The sponsors also feels keenly the potential unconstitutionality of the voucher scheme it seems. The U.S. Supreme court did find that vouchers do not violate the federal constitution, but the Arizona state constitution says, "No tax shall be laid or appropriation of public money made in aid of any church, or private or sectarian school, or any public service corporation." Some will say that the state is not giving the money to schools, but to parents. That's a distiction without a difference. I could see a difference if the parent were free to spend it on beer instead of eduction, but as it is, it is just an alternative method of dispersing funds to schools. Similar programs were recently held to violate the state constitutions of Vermont and Florida, which have similar provisions.

Of course, our Republican legislators are not reknowned for their legal accumen. Rep. Andy Biggs (R-22) claims the U.S. constitution takes precedence over the state constitution, which is true, but not accurate. Just because the Supreme Court says there is nothing restricting vouchers in the federal consitution doesn't mean that the state constitution cannot be more restrictive of state spending - and it is. And what the hell ever happened to state soveriegnty as a Conservative value. anyway? Biggs is arguing that nothing in a state's constitution can differ from the federal constitution. Doesn't at least one Republican have a problem with Biggs' assertion? Or has political principle surrendered to political expediency completely?

Biggs authored HB 2625, and provides several cites to federal cases in the preamble in an attempt to legitimize vouchers. The only Arizona case Biggs could cite was Kotterman v. Killian, 972 P.2d 606 (Ariz. 1999), which actually undercuts the constitutionality of voucher bills under the Arizona constitution.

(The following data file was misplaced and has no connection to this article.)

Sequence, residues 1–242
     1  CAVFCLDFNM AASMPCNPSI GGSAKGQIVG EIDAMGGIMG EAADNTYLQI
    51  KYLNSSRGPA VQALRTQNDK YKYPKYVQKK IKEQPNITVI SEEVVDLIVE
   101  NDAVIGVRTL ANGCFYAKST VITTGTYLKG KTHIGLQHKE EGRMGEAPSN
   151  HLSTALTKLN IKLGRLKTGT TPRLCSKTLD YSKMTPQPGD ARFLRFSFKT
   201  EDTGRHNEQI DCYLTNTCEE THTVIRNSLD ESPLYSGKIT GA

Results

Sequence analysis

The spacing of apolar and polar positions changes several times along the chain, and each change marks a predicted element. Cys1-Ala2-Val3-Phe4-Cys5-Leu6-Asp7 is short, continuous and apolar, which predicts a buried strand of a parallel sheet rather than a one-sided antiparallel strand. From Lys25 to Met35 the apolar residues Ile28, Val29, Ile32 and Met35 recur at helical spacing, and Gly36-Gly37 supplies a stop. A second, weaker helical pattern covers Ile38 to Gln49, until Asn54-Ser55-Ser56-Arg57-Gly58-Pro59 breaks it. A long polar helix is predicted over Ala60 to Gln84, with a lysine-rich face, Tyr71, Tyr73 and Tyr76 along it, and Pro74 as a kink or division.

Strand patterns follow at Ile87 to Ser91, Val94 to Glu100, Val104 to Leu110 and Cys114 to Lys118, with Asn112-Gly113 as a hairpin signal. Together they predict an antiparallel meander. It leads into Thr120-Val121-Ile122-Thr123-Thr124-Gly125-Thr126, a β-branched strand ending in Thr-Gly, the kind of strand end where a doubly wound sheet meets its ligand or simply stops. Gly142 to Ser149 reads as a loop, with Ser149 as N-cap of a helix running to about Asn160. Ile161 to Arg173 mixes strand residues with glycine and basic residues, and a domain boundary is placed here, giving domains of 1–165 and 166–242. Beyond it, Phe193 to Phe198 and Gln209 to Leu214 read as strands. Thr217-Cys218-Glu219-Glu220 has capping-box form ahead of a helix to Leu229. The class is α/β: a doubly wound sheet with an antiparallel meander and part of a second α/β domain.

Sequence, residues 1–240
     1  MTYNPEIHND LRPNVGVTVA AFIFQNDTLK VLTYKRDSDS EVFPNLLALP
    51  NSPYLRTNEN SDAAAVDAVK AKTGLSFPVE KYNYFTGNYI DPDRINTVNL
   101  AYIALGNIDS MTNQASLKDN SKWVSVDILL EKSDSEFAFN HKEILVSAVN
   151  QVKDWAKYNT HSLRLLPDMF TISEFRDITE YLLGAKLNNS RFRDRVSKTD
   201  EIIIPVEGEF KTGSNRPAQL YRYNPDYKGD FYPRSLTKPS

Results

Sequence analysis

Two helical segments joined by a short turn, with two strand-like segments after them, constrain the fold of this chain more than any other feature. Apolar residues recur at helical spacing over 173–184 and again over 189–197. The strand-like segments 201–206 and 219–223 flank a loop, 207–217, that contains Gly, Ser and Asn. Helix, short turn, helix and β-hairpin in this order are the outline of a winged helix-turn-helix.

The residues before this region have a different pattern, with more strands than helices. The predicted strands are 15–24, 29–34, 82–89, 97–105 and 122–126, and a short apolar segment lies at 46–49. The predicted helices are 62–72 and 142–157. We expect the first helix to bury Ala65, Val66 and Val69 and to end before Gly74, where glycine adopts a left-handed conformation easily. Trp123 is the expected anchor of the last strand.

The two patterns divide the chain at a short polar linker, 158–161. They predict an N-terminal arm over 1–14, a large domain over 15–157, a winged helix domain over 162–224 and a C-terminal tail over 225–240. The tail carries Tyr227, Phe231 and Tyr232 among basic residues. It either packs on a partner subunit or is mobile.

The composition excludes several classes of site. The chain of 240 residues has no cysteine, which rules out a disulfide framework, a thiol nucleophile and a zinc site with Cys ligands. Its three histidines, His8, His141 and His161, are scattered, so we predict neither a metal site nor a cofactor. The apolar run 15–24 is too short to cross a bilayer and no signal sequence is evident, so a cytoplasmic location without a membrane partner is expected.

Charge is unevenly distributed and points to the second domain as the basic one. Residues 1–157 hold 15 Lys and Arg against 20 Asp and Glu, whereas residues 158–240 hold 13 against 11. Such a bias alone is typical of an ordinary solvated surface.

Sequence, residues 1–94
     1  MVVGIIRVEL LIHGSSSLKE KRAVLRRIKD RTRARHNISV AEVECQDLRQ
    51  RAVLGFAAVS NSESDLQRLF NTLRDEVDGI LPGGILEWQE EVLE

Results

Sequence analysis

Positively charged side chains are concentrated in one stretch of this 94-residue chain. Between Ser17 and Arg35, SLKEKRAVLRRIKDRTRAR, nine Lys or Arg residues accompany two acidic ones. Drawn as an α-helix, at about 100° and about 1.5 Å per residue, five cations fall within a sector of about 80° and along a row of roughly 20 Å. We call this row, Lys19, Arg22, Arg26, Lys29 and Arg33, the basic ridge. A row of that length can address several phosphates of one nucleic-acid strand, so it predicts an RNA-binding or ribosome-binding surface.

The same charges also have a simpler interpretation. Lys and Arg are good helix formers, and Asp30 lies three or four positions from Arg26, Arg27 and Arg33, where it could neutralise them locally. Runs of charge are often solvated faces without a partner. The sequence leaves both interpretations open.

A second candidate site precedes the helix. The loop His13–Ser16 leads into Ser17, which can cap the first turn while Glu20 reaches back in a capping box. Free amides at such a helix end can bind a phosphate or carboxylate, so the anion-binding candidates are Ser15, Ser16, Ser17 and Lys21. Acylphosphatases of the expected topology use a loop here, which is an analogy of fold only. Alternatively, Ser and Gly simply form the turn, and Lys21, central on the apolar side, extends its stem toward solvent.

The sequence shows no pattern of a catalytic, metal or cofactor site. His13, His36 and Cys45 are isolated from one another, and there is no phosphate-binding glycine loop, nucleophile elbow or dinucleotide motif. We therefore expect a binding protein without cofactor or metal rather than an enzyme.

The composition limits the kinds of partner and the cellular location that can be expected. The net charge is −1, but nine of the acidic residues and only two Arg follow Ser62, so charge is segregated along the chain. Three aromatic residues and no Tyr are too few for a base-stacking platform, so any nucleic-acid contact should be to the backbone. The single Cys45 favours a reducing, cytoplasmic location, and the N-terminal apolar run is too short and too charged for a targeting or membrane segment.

In Kotterman, the Arizona Supreme Court upheld the state income tax credit for contributions to private scholarship organizations under the religious establishment provision of the state constitution. The Court held that an income tax credit does not constitute a legislative appropriation, thus the state constitutional restriction on the use of public funds was not triggered. While I question the distinction, for reasons laid out in Justice Feldman's dissent, is Biggs seriously trying to convince people that state tuition vouchers would not be appropriations?

These bills are clearly an attempt to put tax-payer money into building American Maddrassas and are just clearly unconstitutional under the Arizona constitution. As for the Federal precedents upholding vouchers to religious schools, they all rely upon the specious idea that the choice of the parent in selecting the school prevents entanglement or endorsement of religious dogma. In this, the court is flatly misguided. The Supreme Court has departed from traditional jurisprudential principles in this area, and are in fact engaged in judicial activism of the worst sort; the kind that sullies our most cherished principles, like the separation of church and state.